Radio is widely acknowledged as the best medium for delivering farming information to smallholder farmers in sub-Saharan Africa, even as newer technologies are increasingly developed and adopted. In fact, rural radio has experienced a renaissance of late, both with respect to the widespread acknowledgement of its unrivaled potential for disseminating information and supporting positive change, and also in terms of the growing interest in radio on the part of donors and international NGOs.
But, prior to Farm Radio International’s (FRI) first African Rural Radio Program Analysis (ARRPA) study in 2011, little was known about the circumstances in which African farm broadcasters operate. As far as we know, this type of study had not been conducted before. There was little documentation or analysis of the production practices used in farmer radio programs, nor of whether the farmer programs broadcast by radio stations in sub-Saharan Africa effectively served listeners’ needs.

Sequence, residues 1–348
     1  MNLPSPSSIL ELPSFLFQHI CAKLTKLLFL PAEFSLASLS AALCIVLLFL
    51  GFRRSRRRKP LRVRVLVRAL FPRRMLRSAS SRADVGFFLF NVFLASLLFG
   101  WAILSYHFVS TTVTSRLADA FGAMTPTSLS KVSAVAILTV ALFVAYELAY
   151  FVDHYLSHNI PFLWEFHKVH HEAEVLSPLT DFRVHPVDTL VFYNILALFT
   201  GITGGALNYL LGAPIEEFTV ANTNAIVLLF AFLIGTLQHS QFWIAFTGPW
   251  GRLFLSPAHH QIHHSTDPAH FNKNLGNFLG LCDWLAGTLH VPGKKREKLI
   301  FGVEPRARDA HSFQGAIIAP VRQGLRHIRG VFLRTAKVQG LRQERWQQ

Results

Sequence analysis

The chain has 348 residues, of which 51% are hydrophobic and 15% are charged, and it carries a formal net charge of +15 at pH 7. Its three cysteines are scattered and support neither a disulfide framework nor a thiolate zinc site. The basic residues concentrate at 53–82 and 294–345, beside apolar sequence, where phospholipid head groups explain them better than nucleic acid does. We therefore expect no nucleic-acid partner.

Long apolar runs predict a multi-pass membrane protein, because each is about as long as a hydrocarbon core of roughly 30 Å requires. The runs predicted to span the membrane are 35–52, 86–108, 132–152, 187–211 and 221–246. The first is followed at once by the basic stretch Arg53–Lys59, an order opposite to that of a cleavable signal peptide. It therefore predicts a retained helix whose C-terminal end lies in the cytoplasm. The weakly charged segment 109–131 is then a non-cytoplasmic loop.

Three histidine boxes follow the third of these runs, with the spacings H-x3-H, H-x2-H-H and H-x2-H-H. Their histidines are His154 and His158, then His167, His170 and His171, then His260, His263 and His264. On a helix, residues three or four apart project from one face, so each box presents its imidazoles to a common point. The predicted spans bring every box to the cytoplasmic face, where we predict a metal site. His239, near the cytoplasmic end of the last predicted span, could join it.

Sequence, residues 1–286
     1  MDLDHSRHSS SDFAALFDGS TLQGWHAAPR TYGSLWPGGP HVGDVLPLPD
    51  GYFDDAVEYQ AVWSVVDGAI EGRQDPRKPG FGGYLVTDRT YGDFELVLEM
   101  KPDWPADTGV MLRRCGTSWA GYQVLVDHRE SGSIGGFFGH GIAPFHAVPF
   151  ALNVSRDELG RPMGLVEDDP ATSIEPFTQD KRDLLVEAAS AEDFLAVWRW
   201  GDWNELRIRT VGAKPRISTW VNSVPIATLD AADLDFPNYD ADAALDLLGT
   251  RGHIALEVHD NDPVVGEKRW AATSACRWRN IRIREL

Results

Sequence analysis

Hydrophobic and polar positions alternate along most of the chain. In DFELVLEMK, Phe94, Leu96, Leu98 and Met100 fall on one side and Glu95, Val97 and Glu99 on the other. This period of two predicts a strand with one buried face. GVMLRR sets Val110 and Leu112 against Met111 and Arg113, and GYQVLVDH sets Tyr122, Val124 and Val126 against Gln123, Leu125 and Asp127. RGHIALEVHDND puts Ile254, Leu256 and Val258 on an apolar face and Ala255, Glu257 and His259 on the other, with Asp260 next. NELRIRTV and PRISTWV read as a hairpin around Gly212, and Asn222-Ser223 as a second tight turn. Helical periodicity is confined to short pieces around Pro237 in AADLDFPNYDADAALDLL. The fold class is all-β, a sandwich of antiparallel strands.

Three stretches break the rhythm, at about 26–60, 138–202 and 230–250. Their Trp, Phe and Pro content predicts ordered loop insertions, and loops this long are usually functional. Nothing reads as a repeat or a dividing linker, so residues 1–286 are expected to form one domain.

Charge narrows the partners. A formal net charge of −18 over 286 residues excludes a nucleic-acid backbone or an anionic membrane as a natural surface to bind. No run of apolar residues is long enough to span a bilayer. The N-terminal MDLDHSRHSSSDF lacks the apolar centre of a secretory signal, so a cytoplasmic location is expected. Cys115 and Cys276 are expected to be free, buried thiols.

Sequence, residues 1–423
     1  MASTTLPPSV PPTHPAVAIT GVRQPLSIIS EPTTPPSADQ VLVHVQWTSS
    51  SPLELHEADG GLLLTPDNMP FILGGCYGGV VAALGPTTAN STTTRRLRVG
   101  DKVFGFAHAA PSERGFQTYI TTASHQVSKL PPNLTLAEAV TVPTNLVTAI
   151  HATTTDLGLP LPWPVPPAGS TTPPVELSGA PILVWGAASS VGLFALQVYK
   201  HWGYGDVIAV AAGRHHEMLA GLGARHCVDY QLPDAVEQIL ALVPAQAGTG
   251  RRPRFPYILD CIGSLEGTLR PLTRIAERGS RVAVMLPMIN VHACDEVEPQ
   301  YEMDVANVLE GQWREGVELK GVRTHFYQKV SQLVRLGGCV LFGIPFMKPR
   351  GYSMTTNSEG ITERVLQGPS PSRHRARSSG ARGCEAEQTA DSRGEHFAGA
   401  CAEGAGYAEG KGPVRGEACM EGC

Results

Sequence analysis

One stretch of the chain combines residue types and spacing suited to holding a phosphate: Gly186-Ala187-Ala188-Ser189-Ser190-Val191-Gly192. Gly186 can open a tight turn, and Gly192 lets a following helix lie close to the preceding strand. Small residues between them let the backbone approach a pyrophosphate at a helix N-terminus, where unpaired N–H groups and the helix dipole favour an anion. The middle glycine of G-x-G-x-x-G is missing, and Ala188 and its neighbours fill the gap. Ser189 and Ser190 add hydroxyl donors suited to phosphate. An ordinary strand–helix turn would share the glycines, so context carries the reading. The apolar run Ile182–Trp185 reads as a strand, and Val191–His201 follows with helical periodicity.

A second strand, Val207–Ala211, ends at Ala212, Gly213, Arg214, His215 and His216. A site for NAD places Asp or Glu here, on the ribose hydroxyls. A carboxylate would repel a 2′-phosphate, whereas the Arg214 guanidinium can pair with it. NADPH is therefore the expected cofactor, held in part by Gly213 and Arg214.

The goals of the ARRPA project were to deepen understanding of the state of farmer radio programming in sub-Saharan Africa, and to gain insights which could help make Farm Radio International’s services more responsive and effective. This new updated research study was done in Burkina Faso and Mali.
To read the shorter summary of this 2016 report please check it our here.
For our previous research study in 2011 on the same subject check it out here.